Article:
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Perspect Sex Reprod Health. 2004 Jul-Aug;36(4):150-6.

Use of commercial sex workers among Hispanic migrants in North Carolina: implications for the spread of HIV.

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Department of Sociology, Duke University, Durham, NC, USA.



Rates of HIV and AIDS have risen among U.S. Hispanics and in migrant-sending regions of Mexico and Central America, pointing to a link between migration and HIV. However, little is known about male migrants' sexual risk behaviors, such as the use of commercial sex workers.


The prevalence and frequency of commercial sex worker use was examined among 442 randomly selected Hispanic migrants in Durham, North Carolina. Logistic and Poisson regression techniques were used to model predictors of commercial sex worker use, and descriptive data on condom use with commercial sex workers were examined.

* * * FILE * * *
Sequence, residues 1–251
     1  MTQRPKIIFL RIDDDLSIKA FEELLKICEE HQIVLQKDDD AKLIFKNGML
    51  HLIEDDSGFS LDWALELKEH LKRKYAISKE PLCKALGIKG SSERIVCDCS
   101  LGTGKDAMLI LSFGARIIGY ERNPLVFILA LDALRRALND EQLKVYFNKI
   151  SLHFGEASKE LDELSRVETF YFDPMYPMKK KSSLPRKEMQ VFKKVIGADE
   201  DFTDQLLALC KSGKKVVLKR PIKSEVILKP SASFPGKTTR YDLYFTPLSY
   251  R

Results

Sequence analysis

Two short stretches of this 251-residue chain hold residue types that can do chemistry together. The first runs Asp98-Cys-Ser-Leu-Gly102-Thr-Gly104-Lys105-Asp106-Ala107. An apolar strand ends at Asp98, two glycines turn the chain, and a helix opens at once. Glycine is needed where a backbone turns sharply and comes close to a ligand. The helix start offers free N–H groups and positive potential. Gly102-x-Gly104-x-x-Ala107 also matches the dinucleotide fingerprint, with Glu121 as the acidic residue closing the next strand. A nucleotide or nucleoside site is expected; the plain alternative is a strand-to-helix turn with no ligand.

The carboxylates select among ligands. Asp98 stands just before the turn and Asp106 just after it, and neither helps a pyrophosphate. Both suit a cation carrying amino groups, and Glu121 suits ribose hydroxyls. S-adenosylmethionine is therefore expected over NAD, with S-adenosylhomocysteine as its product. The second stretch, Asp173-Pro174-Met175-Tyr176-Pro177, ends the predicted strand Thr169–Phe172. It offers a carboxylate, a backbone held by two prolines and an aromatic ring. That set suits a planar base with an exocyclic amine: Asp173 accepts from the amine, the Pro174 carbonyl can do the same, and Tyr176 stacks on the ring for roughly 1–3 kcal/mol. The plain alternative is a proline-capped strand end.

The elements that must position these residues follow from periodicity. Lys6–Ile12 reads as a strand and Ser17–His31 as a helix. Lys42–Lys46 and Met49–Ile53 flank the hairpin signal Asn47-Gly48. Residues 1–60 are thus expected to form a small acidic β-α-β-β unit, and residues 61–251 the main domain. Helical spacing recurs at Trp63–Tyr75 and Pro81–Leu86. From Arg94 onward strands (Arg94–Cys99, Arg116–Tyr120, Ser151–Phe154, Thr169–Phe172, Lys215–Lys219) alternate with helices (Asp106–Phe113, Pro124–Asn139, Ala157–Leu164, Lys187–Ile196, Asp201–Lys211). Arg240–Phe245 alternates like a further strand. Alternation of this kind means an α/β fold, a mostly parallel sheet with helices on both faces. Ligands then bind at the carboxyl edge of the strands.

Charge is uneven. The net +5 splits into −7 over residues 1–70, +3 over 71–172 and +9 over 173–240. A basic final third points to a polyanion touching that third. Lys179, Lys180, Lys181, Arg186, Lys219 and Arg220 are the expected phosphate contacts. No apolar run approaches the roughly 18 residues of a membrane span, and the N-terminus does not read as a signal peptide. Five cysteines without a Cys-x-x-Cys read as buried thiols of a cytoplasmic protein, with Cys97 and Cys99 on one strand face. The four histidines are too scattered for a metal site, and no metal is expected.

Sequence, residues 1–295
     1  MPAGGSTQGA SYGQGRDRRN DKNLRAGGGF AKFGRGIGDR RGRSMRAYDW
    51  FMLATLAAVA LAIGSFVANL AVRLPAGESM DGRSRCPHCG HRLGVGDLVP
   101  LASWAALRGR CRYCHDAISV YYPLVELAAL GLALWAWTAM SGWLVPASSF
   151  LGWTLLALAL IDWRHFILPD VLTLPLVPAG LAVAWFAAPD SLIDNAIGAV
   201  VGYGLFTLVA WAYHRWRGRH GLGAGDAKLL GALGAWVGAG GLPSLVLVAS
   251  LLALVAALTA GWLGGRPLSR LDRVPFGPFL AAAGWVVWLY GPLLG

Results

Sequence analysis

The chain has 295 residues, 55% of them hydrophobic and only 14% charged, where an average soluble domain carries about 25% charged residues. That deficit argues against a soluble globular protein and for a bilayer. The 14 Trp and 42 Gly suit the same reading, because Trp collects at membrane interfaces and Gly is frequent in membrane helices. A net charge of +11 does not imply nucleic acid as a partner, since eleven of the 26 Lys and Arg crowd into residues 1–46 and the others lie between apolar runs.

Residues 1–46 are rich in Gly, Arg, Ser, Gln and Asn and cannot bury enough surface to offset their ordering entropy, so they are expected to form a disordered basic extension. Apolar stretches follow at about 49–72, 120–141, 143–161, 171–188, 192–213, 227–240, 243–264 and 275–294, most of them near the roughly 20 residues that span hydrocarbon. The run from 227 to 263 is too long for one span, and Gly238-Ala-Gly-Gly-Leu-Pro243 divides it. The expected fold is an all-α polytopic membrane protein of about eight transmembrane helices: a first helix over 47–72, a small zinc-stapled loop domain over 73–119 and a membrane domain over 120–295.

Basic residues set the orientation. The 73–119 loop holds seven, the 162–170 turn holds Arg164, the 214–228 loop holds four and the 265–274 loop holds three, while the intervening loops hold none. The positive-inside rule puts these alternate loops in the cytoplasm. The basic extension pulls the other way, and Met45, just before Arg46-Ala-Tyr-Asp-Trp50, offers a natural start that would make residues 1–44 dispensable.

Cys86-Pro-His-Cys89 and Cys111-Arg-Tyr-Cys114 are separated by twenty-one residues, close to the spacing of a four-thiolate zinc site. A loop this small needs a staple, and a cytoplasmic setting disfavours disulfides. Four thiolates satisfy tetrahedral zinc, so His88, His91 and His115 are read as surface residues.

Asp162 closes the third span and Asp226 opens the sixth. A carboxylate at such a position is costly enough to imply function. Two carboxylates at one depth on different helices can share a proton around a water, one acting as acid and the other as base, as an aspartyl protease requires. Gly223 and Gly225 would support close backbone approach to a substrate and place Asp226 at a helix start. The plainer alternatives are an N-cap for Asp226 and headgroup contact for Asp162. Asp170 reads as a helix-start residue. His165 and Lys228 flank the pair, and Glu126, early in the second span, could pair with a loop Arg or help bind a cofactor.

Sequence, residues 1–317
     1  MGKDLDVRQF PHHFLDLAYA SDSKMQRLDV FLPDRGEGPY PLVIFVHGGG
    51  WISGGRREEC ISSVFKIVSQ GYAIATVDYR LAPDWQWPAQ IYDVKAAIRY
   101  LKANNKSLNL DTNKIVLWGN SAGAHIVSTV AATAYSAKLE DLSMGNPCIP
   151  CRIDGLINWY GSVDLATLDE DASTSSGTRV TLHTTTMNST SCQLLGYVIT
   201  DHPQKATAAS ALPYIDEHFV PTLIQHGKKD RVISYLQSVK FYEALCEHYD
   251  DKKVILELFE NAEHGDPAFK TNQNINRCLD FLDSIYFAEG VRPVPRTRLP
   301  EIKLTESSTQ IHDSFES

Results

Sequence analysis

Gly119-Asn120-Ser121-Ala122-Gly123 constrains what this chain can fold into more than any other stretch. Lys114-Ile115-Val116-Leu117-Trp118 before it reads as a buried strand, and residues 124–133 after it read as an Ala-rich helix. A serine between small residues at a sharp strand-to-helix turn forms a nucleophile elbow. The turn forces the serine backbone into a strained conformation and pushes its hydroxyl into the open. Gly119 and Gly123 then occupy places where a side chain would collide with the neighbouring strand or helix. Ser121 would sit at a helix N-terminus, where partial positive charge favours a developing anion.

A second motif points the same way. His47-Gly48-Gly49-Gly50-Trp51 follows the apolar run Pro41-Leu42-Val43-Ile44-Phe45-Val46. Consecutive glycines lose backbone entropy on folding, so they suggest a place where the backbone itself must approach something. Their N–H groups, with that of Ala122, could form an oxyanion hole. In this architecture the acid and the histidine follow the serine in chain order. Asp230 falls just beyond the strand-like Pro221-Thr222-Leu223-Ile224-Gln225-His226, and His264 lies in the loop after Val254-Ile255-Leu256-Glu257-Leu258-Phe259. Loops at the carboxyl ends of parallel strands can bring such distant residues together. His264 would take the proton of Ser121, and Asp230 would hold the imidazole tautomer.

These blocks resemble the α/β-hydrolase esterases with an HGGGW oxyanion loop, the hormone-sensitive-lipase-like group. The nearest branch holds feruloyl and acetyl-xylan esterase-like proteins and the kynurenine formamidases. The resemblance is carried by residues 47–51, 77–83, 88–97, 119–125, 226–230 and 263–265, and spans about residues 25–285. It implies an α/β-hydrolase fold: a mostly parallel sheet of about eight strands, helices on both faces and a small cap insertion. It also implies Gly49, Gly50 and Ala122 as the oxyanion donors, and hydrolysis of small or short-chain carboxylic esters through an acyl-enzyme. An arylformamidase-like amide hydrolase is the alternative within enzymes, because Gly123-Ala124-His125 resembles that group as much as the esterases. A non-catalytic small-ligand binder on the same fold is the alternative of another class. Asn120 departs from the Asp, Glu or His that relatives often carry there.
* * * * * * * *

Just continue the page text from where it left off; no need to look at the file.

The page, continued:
Twenty-eight percent of respondents reported using the services of a commercial sex worker during the previous year; rates reached 46% among single men and 40% among married men living apart from their wives. Men with spouses in Durham were less likely than other men to use commercial sex workers (odds ratio, 0.1). Among men who used commercial sex workers, the frequency of visits declined with greater education (incidence rate ratio, 0.9) and increased with hourly wage (1.1). Frequency and use declined with years of residence, although the results were of borderline significance. Reported rates of condom use with commercial sex workers were high, but were likely to fall if familiarity with a commercial sex worker increased.


Commercial sex workers represent an important potential source of HIV infection. Educational and behavioral interventions that take into account social context and target the most vulnerable migrants are needed to help migrants and their partners avoid HIV infection.

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